The outskirts of the now-peaceful ville, looking over where the internment camp used to be, to the mountains separating France from Spain. The water tower there is the only remaining structure.

The outskirts of the now-peaceful ville, looking over where the internment camp used to be, to the mountains separating France from Spain. The water tower there is the only remaining structure.

What was truly striking in the memorial cemetery is the global nature of its inhabitants. Each of these posts represents a country of someone(s) incarcerated in the camp. 215 people died at the camp, and 152 are resting at the cemetery, covering a large percentage of the represented countries.

Checking out the countries represented here.

Checking out the countries represented here.

And noting that the U.S. is represented. One US citizen is also listed as a casualty of the camp.

And noting that the U.S. is represented. One US citizen is also listed as a casualty of the camp.

This memorial cemetery is well-tended and seems to be well-remembered.

This memorial cemetery is well-tended and seems to be well-remembered.

More than 4500 people passed through this camp, including 90 Jewish children sent here from Auschwitz, ages 2-17. Some were incarcerated for having once espoused Communist views, including one man who fled Hungary because he had changed to anti-Communist views. He was an artist, and his enrollment photos were smiling. He painted and drew the most haunting depictions of men in the camp, and was described as a model prisoner who improved the corps de esprit of the whole camp.

In memory, and obviously remembered. The potted plants on the top step are fresh and alive.

In memory, and obviously remembered. The potted plants on the top step are fresh and alive.

The years people spent here together were obviously a bonding time of survival, because even some survivors chose to join their comrades here after life.

Not all who are here died in the camp.

Not all who are here died in the camp.

Not all who died, are here. Many were deported out of camp, some to even more repressive camps in Algeria, some to Mussolini’s prisons in Italy, some to forced labor, most to Nazi extermination camps. About a quarter of these latter persons were among the last convoy forming the main contingent of the Ghost Train, often dying in transit. Note the survivor of the Ghost Train above, though! This is a spot of victory, of hope!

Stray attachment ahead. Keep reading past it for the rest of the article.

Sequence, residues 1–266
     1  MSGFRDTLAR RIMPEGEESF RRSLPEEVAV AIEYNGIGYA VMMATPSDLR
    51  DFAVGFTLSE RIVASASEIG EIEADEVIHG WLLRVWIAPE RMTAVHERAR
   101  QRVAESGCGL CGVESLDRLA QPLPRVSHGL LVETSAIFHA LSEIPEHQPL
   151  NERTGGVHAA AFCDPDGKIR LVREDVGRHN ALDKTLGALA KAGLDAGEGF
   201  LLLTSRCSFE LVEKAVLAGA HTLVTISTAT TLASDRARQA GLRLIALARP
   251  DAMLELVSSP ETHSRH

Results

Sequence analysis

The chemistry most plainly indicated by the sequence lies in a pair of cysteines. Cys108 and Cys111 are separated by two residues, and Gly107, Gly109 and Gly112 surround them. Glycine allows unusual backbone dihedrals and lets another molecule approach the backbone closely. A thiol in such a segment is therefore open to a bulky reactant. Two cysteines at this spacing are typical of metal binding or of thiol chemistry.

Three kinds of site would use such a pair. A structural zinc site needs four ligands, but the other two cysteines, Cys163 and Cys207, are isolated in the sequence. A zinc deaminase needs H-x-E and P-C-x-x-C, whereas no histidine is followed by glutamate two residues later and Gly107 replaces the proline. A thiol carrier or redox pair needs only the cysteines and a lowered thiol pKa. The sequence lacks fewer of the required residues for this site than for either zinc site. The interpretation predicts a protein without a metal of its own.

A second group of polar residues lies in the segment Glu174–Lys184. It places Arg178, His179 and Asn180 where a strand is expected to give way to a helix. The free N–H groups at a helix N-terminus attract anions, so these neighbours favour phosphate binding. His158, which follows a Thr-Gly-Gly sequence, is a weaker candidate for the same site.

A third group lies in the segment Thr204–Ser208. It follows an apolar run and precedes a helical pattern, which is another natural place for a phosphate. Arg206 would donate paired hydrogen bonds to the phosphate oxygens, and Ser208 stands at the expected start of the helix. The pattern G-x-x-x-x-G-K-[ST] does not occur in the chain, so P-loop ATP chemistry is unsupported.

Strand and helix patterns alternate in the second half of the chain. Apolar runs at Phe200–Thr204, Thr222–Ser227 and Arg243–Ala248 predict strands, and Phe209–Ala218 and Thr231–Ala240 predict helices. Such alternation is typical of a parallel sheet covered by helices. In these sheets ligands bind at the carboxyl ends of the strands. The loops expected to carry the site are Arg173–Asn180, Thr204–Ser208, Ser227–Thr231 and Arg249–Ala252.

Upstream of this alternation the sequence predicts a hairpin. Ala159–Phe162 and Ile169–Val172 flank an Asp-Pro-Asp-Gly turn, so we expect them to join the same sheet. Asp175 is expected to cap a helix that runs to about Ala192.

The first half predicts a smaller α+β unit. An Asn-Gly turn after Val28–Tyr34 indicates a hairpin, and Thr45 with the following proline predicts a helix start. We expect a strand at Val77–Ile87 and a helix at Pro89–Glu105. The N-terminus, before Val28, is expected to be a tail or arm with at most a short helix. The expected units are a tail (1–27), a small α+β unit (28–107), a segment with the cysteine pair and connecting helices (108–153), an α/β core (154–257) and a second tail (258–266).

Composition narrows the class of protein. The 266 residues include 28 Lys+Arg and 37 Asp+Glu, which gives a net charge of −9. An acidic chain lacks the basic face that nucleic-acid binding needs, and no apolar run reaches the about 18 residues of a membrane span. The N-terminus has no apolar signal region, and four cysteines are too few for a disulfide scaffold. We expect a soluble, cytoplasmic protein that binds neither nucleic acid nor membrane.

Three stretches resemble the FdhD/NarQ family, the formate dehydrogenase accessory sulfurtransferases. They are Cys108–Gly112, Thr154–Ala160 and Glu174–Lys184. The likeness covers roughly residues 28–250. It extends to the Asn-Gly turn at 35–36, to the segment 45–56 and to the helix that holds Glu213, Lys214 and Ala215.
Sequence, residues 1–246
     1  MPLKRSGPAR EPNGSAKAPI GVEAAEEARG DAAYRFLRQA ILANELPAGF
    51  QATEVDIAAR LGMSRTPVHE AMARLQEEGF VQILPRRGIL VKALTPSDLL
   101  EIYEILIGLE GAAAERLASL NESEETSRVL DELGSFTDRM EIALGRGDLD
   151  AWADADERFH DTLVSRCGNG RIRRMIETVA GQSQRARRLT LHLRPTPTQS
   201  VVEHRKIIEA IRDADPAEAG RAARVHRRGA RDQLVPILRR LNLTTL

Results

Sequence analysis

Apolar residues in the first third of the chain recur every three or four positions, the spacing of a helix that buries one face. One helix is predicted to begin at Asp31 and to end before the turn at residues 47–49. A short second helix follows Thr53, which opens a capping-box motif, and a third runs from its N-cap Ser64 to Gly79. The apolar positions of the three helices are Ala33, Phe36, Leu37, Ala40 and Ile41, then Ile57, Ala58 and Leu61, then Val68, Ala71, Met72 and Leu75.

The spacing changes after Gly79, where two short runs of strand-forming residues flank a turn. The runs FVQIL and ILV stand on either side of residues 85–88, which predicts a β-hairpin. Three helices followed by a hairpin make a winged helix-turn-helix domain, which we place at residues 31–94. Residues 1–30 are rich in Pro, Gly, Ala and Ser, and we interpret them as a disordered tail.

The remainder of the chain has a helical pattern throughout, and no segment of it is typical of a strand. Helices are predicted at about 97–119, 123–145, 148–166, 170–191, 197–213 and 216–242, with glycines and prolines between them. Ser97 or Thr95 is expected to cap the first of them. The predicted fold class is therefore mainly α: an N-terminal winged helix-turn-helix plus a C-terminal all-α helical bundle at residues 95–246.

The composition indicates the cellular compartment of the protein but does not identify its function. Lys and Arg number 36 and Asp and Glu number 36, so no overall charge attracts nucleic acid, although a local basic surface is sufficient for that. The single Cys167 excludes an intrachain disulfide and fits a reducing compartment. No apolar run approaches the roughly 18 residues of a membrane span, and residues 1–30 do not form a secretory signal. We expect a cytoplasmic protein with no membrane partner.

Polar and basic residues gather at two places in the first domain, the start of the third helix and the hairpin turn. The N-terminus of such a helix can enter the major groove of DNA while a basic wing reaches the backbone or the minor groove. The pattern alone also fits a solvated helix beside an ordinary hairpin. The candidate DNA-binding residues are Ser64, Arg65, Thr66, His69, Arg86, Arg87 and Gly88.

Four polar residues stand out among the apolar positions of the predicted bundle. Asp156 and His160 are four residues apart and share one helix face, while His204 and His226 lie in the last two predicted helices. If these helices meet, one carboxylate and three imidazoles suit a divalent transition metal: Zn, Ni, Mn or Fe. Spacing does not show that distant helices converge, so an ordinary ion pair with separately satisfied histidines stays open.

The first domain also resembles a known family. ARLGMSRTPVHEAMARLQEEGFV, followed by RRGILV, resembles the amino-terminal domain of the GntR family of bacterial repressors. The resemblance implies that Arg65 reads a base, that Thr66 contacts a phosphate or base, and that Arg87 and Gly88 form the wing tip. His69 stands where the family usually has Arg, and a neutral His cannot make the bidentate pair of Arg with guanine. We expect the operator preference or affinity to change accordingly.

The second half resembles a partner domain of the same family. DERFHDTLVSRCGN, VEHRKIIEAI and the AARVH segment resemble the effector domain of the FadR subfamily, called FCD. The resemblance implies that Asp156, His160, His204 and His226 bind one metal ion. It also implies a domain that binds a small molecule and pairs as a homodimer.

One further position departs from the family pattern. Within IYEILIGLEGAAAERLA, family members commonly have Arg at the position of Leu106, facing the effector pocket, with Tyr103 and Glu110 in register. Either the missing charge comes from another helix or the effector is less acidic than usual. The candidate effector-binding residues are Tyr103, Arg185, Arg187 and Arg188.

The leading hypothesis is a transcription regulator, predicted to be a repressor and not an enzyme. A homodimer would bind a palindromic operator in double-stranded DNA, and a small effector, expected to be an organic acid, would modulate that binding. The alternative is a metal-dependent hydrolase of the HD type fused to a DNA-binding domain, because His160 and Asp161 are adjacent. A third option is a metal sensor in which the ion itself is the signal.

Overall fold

Stoney looking into one of the actual convoy train cars with our friend and guide.

Stoney looking into one of the actual convoy train cars with our friend and guide.

These train cars were supposed to house 60 men or 8 horses. They often crammed up to 100 people in one of these things. This one is a memorial to the children who occupied it, listed on a plaque inside.

in memory

in memory

I am glad Theodore was with us. As sobering as it was, it was at a level he could absorb without being overwhelmed. And most amazingly, we met the mayor of the town at the museum, who is himself a survivor. He told us (through our friend) that he arrived at 10 months old with his parents as refugees from Spain. He endured decades of prejudice, even though he was married to a French woman and had French children. He fought hard with France to be allowed to become a French citizen because he insisted he arrived in a concentration camp and wouldn’t change his story to be politically correct, but today he is not only a citizen, but the mayor of the town that once housed the camp. We have so much to learn from this man. We must remember.

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Transformation and Aging

When I turned 40, I felt like life was clipping along at a rather high rate of speed. So much of my life was beyond my control, dictated by other forces. I had two teenagers, I was homeschooling two children, and the younger of the two was just beginning to be suspected of dyslexia with its added load of chaos. I had a presence at two schools, and I think that began the second year of really trying to get TeenMOPS rolling, which was a monster of an undertaking. I wanted to be available in my daily life to breathe grace into the lives of friends, neighbors and acquaintances, but I didn’t seem to have the ownership of my time to even stop and take cookies to a neighbor moving out, telling her I’d miss her. This was bad, and I didn’t want to continue in the fast lane the rest of my life. I needed something to change; maybe me to change.

Not a flattering photo, but of me in Texas, 40 years old, re-evaluating my life.

From this was born my 50 Before 50. I wanted to set in print, where it could take on form and potentially life, some of my true priorities. The expressions of those priorities made sense at the time, and I have achieved some in every category, albeit allowing for some flexibility of interpretation:

a closer relationship to God When I became a group leader for Bible Study Fellowship, I took that over a Kay Arthur Bible study (#31). With the required homiletics, I felt it was just as rigorous, and I know I learned just as much from my time in God’s Word.  As a Day Women’s Group leader, I also attended a BSF retreat with my group, and I counted that as a women’s retreat (#27). It certainly achieved the spiritual and relational goals intended. I haven’t memorized the verses, though (#32), which makes me kind of sad, because I invested time trying not to lose the ones I already have instead, and haven’t been completely successful at that.